Global lightning?Here's another unexpected possible impact of climate change: More lightning strikes. In a paper published in the journal Science, UC Berkeley researchers look at predictions of precipitation and cloud buoyancy from 11 different climate models. They conclude that their combined effect will generate a 50% increase in lightning strikes across the United States during the 21st century, and this because of the warmer temperatures caused by global warming.
The principle is a bit similar to how hurricanes are predicted to be, on average, stronger and more frequent because of global warming. Heat, and the water vapor that results from increased heat, as fuel for hurricanes, and in the same way, they are fuel for lightning:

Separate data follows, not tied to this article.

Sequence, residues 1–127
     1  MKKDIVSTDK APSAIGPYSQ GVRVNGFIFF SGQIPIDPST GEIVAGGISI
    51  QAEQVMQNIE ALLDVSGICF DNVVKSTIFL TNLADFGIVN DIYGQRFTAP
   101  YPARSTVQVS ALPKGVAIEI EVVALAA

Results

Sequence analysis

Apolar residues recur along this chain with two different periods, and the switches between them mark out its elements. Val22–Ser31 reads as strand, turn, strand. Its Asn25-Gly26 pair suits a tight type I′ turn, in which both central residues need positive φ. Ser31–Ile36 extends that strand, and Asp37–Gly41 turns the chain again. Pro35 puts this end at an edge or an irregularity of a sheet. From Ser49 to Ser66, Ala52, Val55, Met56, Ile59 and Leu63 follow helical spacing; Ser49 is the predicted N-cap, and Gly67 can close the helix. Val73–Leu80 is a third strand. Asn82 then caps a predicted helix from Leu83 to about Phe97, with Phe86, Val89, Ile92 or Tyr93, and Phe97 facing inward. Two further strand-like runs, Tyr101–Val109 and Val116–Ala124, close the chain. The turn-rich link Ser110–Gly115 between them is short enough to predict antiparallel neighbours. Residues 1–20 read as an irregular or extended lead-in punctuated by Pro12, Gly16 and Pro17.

“With warming, thunderstorms become more explosive,” said David Romps, an assistant professor of earth and planetary science and a faculty scientist at Lawrence Berkeley National Laboratory. “This has to do with water vapor, which is the fuel for explosive deep convection in the atmosphere. Warming causes there to be more water vapor in the atmosphere, and if you have more fuel lying around, when you get ignition, it can go big time.”
This might not seem too bad at first glance, but more lightning strikes means more people injured and killed (estimates currently range from hundreds to nearly a thousand per year in the US), and more wildfires, since about 50% of wildfires are started by lightning. This is a compounding problem because global warming also tends to affect drought patterns and some areas (like the US West right now) might be more affected, and more vulnerable to wildfires.
Here's a very cool map of lightning strikes over the United States in 2011, compiled by UC Berkeley:
Via UC Berkeley